It is a shame that Apple will not allow some method of getting Rosetta working in Lion. I agree with progress and moving beyond PowerPC, but at least having Rosetta as an option would neither have been difficult nor expensive to implement.

  6. But one would maybe expect a more open and customer-friendly attitude from Apple’s new management (Tim Cook and staff); and, in general, there is no reason whatsoever not to allow virtualization of all versions of Mac OS X Client besides Server.
    So, Apple (one can always hope…): please make the Lion EULA retroactive also for virtualization of the other Intel versions of Mac OS X (Tiger, Leopard and Snow Leopard)! 🙂

  7. A virtualized Mac User Persona is available now, and compliant with Apple’s EULA, from Orchard Parc Inc. It is “Intelligent Desktop Virtualization” for the Mac. It provides a great user experience with local execution, and centralized control and automation for IT management efficiency.
    It provides “iCloud for Enterprise benefits – a “follow me anywhere” mobile, logical Mac user persona that is launched from any Mac, and supported by enterprise class virtual infrastructure (i.e. VMware, XEN) and cloud services such as Amazon.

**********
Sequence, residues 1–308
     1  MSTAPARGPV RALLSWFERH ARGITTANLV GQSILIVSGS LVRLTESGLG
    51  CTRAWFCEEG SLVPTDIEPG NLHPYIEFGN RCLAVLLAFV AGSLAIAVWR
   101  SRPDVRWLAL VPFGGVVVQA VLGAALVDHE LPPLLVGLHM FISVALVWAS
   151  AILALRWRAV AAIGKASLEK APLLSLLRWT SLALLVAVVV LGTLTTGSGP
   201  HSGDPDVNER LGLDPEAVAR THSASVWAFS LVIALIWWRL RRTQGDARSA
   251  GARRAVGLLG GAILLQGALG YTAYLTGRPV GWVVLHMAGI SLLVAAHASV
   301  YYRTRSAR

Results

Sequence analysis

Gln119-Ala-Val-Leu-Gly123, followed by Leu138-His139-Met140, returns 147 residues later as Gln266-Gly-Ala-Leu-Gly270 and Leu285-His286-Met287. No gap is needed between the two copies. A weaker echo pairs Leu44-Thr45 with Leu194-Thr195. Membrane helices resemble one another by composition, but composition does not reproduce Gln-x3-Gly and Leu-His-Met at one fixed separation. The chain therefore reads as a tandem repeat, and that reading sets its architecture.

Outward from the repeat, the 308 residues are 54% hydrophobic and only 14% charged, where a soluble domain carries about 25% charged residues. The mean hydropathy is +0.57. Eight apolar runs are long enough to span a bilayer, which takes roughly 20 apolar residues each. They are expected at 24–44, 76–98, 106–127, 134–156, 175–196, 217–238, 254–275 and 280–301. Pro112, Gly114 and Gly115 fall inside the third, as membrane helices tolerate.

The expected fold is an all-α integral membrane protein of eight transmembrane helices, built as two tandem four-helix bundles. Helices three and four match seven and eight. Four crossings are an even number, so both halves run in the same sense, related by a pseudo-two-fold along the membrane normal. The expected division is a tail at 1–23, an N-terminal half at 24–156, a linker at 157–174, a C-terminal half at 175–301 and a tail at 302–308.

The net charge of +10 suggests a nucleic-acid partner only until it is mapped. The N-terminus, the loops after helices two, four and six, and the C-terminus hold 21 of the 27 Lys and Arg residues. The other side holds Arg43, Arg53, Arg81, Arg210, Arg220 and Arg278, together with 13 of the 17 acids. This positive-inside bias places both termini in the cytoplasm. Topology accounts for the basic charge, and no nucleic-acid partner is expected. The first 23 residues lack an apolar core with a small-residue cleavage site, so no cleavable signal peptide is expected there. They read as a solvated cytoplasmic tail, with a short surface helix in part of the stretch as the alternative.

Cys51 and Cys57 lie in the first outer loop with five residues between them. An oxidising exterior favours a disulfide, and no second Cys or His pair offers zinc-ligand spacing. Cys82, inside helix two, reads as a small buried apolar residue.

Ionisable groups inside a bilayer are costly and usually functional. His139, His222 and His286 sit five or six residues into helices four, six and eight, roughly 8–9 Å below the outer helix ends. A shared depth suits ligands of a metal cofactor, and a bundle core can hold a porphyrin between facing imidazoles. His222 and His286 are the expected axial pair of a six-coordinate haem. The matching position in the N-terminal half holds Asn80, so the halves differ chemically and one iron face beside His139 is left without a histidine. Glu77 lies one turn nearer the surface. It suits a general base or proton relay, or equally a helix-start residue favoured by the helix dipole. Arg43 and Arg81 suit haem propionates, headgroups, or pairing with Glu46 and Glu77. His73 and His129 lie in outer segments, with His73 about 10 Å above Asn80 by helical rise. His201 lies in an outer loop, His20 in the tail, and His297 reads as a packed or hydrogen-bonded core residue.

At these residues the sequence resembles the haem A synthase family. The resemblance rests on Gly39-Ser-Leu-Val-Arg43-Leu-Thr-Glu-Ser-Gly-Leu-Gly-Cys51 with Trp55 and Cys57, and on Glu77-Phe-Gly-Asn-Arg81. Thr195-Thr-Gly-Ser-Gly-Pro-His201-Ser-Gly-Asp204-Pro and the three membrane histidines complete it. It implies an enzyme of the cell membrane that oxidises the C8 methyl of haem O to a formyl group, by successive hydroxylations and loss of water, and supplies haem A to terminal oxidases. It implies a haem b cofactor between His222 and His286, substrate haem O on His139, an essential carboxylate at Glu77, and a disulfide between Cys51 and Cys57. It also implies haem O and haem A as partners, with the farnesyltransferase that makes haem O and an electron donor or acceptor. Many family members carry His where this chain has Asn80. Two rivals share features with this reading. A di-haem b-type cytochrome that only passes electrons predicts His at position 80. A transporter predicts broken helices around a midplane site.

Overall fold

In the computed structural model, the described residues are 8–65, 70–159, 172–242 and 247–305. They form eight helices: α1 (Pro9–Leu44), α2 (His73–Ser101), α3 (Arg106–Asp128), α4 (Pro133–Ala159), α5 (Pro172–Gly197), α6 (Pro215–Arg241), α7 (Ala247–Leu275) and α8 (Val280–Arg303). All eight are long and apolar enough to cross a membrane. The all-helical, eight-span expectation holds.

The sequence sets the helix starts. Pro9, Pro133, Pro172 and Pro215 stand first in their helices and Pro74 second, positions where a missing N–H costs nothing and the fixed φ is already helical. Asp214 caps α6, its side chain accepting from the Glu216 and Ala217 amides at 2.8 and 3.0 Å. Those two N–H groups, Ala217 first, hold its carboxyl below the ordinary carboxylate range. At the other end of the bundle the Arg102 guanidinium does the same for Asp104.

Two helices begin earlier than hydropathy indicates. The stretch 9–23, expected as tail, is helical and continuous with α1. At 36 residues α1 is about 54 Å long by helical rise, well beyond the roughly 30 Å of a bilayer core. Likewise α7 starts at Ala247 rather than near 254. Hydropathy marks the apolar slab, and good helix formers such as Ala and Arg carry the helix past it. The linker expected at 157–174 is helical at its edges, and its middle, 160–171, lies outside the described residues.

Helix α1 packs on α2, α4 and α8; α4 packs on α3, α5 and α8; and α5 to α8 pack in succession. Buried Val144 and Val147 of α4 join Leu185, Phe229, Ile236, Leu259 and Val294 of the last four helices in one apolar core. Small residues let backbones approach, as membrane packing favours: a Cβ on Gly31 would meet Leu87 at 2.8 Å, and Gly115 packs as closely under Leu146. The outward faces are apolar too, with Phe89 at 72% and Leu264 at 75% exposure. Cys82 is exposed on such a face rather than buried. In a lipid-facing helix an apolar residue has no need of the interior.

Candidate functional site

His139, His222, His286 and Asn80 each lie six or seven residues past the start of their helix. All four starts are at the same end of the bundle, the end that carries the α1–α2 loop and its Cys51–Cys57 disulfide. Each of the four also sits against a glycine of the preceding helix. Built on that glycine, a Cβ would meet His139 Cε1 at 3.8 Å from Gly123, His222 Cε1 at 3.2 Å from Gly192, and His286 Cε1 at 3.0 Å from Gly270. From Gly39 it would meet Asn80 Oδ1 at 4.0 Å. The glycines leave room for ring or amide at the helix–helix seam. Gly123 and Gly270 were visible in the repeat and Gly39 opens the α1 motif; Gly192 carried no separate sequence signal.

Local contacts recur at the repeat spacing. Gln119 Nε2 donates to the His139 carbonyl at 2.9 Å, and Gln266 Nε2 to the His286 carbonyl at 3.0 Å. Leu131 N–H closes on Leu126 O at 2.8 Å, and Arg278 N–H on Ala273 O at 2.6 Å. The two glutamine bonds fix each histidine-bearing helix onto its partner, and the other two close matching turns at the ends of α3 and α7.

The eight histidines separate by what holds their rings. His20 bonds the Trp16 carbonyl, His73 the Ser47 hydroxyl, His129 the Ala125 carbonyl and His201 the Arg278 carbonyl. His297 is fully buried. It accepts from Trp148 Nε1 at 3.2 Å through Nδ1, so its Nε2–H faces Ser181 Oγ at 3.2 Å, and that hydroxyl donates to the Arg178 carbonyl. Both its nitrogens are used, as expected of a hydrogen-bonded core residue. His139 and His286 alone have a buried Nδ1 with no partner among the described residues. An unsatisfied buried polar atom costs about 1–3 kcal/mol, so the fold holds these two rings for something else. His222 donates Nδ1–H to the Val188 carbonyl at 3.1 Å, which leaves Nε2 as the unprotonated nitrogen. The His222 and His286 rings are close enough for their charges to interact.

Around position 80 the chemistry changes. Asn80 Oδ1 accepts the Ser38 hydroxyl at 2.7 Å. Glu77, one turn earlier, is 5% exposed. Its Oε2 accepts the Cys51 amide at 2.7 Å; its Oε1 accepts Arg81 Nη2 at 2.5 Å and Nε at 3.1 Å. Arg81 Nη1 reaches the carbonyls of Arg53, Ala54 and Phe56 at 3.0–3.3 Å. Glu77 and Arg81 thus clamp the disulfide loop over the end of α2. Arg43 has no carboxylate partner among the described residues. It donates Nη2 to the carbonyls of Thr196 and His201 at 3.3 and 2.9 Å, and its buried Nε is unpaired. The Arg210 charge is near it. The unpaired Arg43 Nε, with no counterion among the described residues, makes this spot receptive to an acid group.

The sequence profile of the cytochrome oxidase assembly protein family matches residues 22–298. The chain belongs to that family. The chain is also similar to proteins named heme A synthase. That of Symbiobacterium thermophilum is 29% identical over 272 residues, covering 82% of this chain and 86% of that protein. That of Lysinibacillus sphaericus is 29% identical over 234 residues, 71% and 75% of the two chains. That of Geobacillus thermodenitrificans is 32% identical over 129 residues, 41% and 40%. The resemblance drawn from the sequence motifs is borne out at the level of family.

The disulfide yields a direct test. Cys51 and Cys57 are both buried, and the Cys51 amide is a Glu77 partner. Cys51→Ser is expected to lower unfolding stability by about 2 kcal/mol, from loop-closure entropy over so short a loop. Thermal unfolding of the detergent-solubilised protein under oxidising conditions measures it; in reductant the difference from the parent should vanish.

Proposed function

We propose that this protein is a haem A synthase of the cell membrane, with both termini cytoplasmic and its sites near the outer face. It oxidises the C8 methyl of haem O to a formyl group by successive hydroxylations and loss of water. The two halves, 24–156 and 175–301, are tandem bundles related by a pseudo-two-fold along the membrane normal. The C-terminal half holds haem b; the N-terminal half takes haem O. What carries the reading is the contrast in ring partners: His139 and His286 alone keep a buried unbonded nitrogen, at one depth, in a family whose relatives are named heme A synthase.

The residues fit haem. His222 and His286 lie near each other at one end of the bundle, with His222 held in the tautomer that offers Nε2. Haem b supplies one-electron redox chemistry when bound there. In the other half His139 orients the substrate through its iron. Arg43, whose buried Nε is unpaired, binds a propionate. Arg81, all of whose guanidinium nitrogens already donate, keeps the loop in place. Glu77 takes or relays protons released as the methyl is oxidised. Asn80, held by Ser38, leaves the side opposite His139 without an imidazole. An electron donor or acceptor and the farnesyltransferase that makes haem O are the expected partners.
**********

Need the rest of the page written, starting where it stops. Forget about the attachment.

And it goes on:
Provides data security, mobile computing, and ability to deliver, manage, and automate thousands of desktops from a single console. This includes Windows and Linux applications on Mac.
    And there lots of real use cases for this technology – digital learning in education, enterprise BYOC, data security healthcare, Apple legacy clients requiring high availability, data security.

  8. I’ve never been interested in installing a virtualization product like Fusion on my Apple computers (I’m not a Windows User) until Fusion 4.1 came out, as I saw a vehicle to keep my PowerPC applications running, mainly Quicken 2007, with the loss of Rosetta support in Lion. I installed the 30 day trial and, with the help of the Fusion community, was able to install my legal copy of OSX Snow Leopard client within my iMac’s Lion disc partition (Snow Leopard being on my other disc partition), and install Quicken 2007, which runs really well within the Fusion vm. Now, it appears, that this feature was only a “bug” which will be “fixed” in a Fusion update. I really recommend that VMware and Apple sit down and work on a revised interpretation of the Apple EULA (I am running Snow Leopard on Apple hardware, albeit within the Fusion virtual environment) so that some of the legacy PPC software out there that has not or will never be updated to run Intel-native can still be used. Otherwise, I see no reason to buy a license for Fusion.